Likely we agree more than we disagree. My comment was in response to the guy who thought it was a good time to buy based upon the (old) news about the upcoming tablet. I tried to make the point that even if one were to be a market timer, buying now is far from a sure thing.

Personally, not that it matters, but I like good companies in industries which are (temporarily) out of favor. I favor value investing, using a medium-term horizon. Not market timing. And certainly not loading up on a stock, based upon old news, in anticipation of quick profits.
post #105 of 166
Quote:
Originally Posted by zindako View Post

Is everyone in this thread forgetting that media tablets currently exist? you all do know about Archos right?

I bought an Archos 5 for my kid. Sweet little device. 800x480 5 inch touchscreen, multiple audio and video codec support, 60 gig drive, 720p ouput to the TV...

It makes the iTouch look sick.
post #106 of 166
Quote:
Originally Posted by MacTripper View Post

I'm not talking server, that's smart IT guys, I'm talking OS X with typical office users. That's the hard part, retraining them with a new UI. A company is going to suffer productivity loss while these people come up to speed, if they can.

I do welcome your posts. They have a tendancy to make the apparent intelligence of every other poster appear to be 20 IQ points or so greater than would otherwise be the case.
post #107 of 166
Quote:
Originally Posted by iGenius View Post

Likely we agree more than we disagree. My comment was in response to the guy who thought it was a good time to buy based upon the (old) news about the upcoming tablet. I tried to make the point that even if one were to be a market timer, buying now is far from a sure thing.

Personally, not that it matters, but I like good companies in industries which are (temporarily) out of favor. I favor value investing, using a medium-term horizon. Not market timing. And certainly not loading up on a stock, based upon old news, in anticipation of quick profits.

Well right, attempts to make quick profits often turn into quick losses. But I'd go back to my suggestion that buying on rumor is never a good idea, no matter what the old saw says.

Frankly, most people shouldn't even be buying individual stocks, but that's another issue.
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post #108 of 166
Quote:
Originally Posted by Carniphage View Post

Your point misses my main point.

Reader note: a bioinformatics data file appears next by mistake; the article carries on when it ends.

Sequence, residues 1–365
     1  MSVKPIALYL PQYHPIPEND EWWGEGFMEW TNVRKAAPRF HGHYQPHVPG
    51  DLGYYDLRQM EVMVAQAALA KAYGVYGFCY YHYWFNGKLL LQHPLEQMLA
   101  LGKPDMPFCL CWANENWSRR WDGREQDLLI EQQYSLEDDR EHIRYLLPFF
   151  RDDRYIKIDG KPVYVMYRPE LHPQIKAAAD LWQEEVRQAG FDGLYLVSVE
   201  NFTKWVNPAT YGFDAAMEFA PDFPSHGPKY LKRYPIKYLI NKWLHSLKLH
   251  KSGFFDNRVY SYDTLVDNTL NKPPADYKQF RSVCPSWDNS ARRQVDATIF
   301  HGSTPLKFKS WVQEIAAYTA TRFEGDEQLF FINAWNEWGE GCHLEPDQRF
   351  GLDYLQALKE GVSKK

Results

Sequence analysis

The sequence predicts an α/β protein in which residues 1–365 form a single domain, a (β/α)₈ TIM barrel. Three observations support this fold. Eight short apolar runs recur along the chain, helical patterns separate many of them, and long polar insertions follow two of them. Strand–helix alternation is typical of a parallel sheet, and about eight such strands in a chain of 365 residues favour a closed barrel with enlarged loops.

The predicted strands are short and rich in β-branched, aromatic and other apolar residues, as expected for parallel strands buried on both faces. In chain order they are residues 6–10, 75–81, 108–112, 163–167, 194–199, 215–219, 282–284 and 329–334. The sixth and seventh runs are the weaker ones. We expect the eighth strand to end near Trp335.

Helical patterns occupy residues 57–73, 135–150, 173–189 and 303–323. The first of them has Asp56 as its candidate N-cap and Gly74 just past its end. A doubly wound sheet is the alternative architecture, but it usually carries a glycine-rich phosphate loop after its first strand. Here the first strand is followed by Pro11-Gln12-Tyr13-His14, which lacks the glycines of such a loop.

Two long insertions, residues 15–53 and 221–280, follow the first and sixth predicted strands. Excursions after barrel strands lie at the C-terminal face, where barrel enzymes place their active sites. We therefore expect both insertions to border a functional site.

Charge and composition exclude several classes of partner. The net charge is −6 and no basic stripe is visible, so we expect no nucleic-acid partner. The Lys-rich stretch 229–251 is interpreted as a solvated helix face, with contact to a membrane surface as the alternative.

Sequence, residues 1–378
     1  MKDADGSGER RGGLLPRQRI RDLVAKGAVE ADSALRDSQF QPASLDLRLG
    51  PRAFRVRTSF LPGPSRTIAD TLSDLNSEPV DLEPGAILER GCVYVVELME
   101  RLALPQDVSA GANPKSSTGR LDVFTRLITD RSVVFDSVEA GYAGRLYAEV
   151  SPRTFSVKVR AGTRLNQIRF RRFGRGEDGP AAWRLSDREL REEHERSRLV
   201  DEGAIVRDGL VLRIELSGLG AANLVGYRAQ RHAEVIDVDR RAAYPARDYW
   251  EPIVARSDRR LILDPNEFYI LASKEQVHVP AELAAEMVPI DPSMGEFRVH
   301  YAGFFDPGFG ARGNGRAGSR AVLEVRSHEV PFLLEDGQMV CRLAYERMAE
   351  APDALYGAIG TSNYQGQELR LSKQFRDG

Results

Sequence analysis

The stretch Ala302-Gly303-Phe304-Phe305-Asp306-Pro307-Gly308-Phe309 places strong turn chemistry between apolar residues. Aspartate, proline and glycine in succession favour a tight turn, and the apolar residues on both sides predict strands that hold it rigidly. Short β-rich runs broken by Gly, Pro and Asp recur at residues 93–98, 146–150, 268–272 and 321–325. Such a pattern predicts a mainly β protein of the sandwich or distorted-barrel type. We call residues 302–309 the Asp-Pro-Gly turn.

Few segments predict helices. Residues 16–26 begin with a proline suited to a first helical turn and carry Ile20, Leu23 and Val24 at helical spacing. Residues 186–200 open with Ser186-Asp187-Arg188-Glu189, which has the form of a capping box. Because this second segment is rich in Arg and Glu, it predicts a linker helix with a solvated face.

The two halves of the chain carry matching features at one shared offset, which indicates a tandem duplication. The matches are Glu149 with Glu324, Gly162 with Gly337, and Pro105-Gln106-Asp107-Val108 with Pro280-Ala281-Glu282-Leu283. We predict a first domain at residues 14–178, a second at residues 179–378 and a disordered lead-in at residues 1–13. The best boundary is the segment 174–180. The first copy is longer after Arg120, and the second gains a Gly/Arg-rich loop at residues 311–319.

Which personal computer manufacturer makes the most revenue in the US?

I think it is Apple (even when we remove iPhone and iPod revenues)

That is not niche. It's freaking huge!

C.

Ruling the Premium end of the market is not "niche." It's the most prized position any manufacturer could hope for. Instant exponential growth in mindhsare. Boom. The Premium end builds your brand like nothing else.
post #109 of 166
Quote:
Originally Posted by Ireland View Post

Going out on a limb - It will not be called iSlate. In fact it won't be called "i" anything.

It won't be called the Mac Touch.
post #110 of 166
[QUOTE=solipsism;1543171]I dont think these others have made a tablet for CES simply because they think Apple is coming out with one. I think tech has shifted to make it more viable now than in years past, which is why I think this is indirect proof of Apple coming to market with their own offering.

I agree that 3 or 4 were pre-announced last year at CES and this year is going to show more finished products.

What I question is just what the new tablets are trying to do? Are they going to have a screen like the e-readers that you can use in the sun?

I have used various tablets and convertible laptops, currently have a Toshiba, and still feel that it is a niche market. Why carry a large unit when an iphone will handle most data requirements.

WSJ announced this PM that the tablet will be in the 10in size range.
post #111 of 166
Quote:
Originally Posted by Quadra 610 View Post

Ruling the Premium end of the market is not "niche." It's the most prized position any manufacturer could hope for. Instant exponential growth in mindhsare. Boom. The Premium end builds your brand like nothing else.

All products are niche products, except maybe food, water and air. Some niches are just more profitable than others.
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post #112 of 166
Quote:
Originally Posted by MacTripper View Post

Like your optimism but here are the facts.

Businesses who need to hire IT personal usually to fix other things besides Windows.